July 7th, 2013


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Written by: moeadra
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Picture this. You’re at the airport and you make your way to the ticket counter. Your luggage is ready and you know that you are going on vacation. You approach the counter and the sales person asks you, “Where are you going”? You stand there with a big smile on your face and say, “I don’t know, anywhere!” At this point the salesperson looks at you like you’re crazy and replies: “I’m sorry, but you need to know your destination in order for us to issue you a ticket”.

As ridiculous as this scenario sounds, this is exactly how many of us go into the month of Ramadan. We know that Ramadan is approaching and we know what we should be doing to prepare, but we are at a loss when it comes to following words with action. A successful Ramadan is all about planning; you must have a clear vision of what you want to gain and specifically how you are going to achieve it.

Whether you are a working professional or a mother with children, you will find that simple strategic planning of your schedule before Ramadan will free up your time drastically for ibaadah (worship).

What is the first thing that comes to mind when you think of Ramadan? Is it hunger, Taraweeh, or iftaar parties? Maybe ibadaah? Whatever it is, it is clear that Ramadan has become a culture, an entity with a life of its own. When I was growing up, I remember the constant reminders: stop watching TV! Stop gossiping! Stop fighting with your siblings – it’s Ramadan! Unfortunately however, that’s all it was; a time to stop. Like a light switch that goes on and off.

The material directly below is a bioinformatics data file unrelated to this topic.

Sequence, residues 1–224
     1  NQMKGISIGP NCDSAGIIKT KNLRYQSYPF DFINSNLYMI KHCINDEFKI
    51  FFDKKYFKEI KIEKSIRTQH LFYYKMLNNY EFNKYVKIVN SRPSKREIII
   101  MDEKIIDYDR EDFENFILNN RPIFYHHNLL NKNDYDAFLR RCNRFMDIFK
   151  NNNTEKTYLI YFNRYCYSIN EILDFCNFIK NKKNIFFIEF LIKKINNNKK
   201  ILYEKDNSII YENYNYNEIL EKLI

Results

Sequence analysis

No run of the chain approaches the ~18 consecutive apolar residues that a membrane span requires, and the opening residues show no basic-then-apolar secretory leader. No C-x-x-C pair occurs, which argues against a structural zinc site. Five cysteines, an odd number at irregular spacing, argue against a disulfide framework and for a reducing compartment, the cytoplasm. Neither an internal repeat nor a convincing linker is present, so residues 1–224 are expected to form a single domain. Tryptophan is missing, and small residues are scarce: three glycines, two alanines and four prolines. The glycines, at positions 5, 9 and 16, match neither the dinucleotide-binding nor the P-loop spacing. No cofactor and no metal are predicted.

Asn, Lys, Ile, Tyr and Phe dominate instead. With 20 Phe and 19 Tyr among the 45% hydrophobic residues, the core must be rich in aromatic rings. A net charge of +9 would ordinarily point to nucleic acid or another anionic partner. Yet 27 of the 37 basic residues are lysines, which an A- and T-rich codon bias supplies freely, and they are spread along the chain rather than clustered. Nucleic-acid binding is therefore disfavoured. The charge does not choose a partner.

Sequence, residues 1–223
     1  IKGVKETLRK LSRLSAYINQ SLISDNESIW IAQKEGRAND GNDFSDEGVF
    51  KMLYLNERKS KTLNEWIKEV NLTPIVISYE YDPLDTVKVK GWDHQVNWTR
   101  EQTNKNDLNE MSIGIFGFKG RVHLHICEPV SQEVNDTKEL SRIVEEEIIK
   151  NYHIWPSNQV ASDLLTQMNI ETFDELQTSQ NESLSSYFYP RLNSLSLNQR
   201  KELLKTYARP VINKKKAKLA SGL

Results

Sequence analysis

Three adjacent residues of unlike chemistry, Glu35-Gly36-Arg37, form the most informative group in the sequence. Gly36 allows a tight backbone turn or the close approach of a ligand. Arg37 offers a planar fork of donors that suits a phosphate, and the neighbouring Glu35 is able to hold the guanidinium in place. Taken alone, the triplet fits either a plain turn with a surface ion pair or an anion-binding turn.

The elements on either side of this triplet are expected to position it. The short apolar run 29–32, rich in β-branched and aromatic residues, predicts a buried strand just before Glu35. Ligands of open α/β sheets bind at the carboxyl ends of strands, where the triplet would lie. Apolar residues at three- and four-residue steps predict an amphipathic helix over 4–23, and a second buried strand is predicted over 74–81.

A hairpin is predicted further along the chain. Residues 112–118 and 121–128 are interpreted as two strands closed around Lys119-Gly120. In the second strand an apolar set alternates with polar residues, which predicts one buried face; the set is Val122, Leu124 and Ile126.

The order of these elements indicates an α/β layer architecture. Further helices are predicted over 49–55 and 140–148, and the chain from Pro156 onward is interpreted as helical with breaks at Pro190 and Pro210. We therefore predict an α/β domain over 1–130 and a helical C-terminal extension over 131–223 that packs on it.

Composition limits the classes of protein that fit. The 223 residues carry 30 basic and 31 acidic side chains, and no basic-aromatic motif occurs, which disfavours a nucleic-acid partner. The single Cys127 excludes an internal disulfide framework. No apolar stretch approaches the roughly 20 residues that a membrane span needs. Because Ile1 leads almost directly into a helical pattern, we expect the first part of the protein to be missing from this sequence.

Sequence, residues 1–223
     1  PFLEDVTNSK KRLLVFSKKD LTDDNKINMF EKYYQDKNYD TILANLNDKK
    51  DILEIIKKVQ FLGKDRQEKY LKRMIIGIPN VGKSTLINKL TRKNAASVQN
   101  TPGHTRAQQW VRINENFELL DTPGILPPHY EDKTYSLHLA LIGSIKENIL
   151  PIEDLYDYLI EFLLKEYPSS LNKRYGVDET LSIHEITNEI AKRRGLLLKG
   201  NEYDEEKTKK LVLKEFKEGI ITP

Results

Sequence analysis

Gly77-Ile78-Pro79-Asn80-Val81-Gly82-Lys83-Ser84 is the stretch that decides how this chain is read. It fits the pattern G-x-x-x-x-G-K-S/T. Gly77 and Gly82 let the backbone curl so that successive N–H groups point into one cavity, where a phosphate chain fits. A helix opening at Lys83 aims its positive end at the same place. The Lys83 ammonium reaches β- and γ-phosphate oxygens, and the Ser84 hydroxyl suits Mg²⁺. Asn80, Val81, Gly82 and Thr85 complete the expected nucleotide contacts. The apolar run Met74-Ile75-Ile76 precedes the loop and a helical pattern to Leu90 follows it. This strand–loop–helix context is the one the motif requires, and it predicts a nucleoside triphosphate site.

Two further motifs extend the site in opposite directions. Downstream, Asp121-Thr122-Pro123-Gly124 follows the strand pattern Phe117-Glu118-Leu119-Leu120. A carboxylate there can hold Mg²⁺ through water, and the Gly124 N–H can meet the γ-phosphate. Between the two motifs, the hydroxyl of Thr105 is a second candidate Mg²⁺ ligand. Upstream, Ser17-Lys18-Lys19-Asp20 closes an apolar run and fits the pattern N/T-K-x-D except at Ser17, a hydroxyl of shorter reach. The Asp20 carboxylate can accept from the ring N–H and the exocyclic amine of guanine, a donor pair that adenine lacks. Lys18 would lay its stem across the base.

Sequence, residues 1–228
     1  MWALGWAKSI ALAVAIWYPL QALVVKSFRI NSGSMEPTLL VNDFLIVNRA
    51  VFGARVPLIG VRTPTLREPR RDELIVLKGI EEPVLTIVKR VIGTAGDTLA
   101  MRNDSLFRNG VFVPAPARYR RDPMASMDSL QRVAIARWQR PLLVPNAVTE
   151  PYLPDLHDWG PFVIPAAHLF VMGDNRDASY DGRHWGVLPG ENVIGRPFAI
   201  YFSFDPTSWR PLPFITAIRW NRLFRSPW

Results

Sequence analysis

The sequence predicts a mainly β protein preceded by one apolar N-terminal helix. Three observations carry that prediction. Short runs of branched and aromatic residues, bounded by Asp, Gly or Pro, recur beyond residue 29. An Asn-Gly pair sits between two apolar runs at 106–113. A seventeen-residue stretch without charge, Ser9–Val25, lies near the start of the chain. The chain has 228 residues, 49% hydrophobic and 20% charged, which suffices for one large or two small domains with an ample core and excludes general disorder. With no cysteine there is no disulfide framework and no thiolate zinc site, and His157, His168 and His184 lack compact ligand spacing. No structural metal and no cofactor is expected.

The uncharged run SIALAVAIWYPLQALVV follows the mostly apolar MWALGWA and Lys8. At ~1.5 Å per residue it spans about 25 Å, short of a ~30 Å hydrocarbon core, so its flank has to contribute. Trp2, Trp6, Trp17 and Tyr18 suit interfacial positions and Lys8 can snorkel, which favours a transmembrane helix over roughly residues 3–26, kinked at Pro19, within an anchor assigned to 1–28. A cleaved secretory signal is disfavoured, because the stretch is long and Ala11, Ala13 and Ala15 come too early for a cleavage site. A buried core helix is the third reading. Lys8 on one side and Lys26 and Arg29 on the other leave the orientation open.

Once Ramadan arrives, the light of eman goes on. We watch our tongues, guide our actions, and engage in as much good as possible. We’re praying on time; we’ve switched off our TVs and dusted off our Qur’an. We’ve been able to quit smoking and stop listening to music all at the same time. But before you know it, Ramadan ends and the light is switched off. Darkness.

We’re back in the darkness of our old habits. Despite the 30 days of spiritual boot camp, our motivation begins to dwindle. We find ourselves sinking back into the very habits we gave up during Ramadan, devoid of the light that Ramadan brought. Is this the purpose of Ramadan? Was Ramadan really meant to be a time of temporary change, being a “super good” Muslim one month out of 12? Why not strive to be an outstanding Muslim 12 months of the year? Ramadan is meant to be a time for positive permanent change. That means striving to be the best Muslim, one that worships and serves Allah in the best possible way – 365 days a year!



Did you end last Ramadan with the feeling that you could have done better – better with your time, better with your worship? Did you promise yourself it wouldn’t be the same this year? Many of us end Ramadan with feelings of regret. We make promises to ourself that we won’t repeat the same mistakes the next year. But a year passes, Ramadan returns, and you find yourself armed with the same excuses.

The truth is however, every year hundreds of Muslims die before they reach their next Ramadan. We are not guaranteed to live – the next Ramadan, the next month, or even the next day.

“Wherever you are, death will find you, even if ye are in towers built up strong and high!” (An-Nisa:78)

Neither you nor I know whether we will live to see the next Ramadan. Take advantage of the life you have been given now to prepare for Ramadan, and the life to come after it Insha’Allah. Build the habits of success by fostering good habits that last long term and are not lost in the face of temptation. Don’t let yourself waste your time this Ramadan only to feel guilty at the end of the month. Guilt is a passing emotion; it leaves no change in our actions. Rather, feel regret so that you can you can have the resolve to not go back to bad habits or sin. Once left behind, leave it behind so that real progress can be made.

Indeed, our motivation in all aspects of our lives can fluctuate and our eman (faith) is no different. There will be highs and lows and that is to be expected. What we want we can work on is learning how to pull our eman back up when it reaches those low points. So use this Ramadan to help maintain a spiritual high throughout during this beautiful month and beyond.


Your sister in Islam

Amirah Mauthoor




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